The cultural district of Asakusa in Tokyo is packed with tourists from all over the world on any given day of the year. They typically pose for photographs in front of Kaminarimon, the outer entrance gate that leads to Nakamise shopping street and, ultimately, the oldest temple in the capital, Sensoji.

Once tourists have filled the memory cards on their cameras with images of the temple and the surrounding area, they will invariably jam themselves into the myriad eatries located near the station for a bite to eat. Many of these restaurants, however, are unable to cater to specific dietary needs and Muslim visitors, in particular, can have trouble finding a place that features dishes that are permissible under Islamic law.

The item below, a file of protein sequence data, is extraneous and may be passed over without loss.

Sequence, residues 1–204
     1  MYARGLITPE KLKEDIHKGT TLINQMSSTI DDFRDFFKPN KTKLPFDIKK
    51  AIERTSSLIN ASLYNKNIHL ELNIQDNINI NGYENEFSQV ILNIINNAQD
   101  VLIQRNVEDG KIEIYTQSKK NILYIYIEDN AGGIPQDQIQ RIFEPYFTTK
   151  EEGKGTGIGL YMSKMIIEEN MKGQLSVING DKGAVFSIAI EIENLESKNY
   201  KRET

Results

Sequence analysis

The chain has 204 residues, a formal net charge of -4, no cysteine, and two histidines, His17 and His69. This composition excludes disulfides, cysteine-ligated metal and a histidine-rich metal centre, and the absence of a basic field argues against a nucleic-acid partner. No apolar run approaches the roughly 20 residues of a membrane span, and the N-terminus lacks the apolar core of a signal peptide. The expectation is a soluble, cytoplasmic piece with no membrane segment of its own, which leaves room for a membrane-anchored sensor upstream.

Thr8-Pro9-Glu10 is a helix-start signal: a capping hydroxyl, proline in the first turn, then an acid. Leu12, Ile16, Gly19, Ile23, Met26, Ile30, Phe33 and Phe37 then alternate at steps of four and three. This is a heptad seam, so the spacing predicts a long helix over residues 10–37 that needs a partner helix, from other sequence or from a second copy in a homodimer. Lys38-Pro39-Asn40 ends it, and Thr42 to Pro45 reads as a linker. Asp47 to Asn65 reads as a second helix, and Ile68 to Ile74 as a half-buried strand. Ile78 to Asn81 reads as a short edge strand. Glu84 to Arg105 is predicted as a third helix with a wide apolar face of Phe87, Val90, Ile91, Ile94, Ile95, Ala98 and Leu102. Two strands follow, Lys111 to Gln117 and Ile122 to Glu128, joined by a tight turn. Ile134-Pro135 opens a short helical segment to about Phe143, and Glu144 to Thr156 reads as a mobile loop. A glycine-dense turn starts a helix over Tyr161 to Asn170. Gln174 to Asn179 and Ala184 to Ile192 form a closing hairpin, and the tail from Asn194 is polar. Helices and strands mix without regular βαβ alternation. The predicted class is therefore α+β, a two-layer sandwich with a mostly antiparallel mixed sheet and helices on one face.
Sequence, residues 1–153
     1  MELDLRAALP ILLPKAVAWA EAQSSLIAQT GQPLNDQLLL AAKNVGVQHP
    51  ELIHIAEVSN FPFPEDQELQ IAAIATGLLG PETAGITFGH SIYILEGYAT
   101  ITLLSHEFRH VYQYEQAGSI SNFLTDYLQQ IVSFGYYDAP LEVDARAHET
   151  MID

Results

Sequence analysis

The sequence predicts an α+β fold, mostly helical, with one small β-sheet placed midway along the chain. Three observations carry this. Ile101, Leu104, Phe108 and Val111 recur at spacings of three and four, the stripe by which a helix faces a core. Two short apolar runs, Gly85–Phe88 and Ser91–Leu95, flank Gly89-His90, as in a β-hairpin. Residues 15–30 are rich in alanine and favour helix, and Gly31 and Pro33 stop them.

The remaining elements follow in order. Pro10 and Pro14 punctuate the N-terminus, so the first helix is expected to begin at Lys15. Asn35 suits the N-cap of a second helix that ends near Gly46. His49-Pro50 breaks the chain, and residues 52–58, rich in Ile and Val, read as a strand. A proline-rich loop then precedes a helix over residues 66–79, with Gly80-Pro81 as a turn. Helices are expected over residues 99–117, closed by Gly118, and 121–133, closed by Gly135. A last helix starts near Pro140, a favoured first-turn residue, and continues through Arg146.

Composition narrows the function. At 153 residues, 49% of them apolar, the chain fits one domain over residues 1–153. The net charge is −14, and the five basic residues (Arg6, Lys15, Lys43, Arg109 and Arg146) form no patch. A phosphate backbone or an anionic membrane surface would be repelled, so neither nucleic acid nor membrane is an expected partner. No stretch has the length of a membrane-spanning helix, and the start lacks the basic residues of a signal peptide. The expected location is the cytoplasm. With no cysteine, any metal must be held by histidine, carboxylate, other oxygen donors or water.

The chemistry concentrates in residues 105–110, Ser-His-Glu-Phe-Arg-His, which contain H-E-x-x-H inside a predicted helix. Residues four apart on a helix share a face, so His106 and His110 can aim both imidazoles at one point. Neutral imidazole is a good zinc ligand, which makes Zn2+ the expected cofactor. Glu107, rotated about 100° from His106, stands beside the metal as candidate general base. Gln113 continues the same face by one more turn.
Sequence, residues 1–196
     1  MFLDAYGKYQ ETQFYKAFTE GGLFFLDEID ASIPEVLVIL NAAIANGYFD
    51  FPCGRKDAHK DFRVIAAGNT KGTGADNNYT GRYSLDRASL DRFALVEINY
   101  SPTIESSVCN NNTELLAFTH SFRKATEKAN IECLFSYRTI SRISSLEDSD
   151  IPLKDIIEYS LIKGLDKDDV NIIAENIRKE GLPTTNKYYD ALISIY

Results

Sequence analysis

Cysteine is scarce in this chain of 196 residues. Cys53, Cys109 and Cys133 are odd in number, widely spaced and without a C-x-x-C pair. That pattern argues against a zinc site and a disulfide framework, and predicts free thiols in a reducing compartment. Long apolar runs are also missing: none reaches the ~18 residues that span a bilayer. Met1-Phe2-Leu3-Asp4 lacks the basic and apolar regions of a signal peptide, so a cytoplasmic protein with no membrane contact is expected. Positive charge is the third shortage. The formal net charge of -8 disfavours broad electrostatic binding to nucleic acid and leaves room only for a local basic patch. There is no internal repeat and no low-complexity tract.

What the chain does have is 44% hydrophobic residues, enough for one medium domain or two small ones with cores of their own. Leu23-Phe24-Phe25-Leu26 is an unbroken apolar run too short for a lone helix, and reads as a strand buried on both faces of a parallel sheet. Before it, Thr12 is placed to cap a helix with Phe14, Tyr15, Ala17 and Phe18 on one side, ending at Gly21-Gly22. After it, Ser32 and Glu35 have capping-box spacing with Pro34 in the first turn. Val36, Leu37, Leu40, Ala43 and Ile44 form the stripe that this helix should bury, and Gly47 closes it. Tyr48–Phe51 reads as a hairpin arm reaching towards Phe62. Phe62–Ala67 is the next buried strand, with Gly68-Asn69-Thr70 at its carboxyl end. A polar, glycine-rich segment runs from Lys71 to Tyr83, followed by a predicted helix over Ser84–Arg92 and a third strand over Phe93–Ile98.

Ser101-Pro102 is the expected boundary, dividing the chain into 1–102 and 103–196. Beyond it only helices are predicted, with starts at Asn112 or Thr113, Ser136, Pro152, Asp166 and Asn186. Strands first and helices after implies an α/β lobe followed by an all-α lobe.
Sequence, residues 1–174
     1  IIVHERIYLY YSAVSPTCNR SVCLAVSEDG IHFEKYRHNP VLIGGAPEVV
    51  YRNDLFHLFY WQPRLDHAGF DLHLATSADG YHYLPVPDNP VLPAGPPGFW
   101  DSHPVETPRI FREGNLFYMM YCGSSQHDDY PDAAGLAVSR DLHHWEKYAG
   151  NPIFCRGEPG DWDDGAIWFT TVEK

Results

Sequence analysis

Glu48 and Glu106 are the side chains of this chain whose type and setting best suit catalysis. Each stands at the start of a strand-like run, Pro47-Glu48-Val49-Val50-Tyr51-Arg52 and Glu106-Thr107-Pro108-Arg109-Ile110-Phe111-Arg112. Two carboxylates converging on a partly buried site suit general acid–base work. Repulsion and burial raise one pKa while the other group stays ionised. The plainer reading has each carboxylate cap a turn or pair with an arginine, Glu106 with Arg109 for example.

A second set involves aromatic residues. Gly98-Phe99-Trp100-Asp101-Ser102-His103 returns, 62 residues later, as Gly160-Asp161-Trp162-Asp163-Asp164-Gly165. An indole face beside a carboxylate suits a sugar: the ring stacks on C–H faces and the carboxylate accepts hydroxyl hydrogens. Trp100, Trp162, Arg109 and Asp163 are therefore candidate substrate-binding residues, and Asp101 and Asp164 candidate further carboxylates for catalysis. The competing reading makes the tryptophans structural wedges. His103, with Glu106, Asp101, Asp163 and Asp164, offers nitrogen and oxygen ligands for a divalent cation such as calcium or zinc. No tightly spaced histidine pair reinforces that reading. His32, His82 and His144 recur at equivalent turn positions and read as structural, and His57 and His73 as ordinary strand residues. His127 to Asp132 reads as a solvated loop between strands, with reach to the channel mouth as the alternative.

Aware of this situation, Endy Harmoko had already come up with a plan when he chauffeured his visiting Indonesian family around the sightseeing spots of Asakusa on a cold winter's day in February. Harmoko, a graduate student from Indonesia who has been living in Japan for a year to study economics at Yokohama National University, led his family to a halal-certified ramen shop called Naritaya, located just a short walk from the temple. There, the family ordered bowls of piping hot noodles and a plate of karaage fried chicken.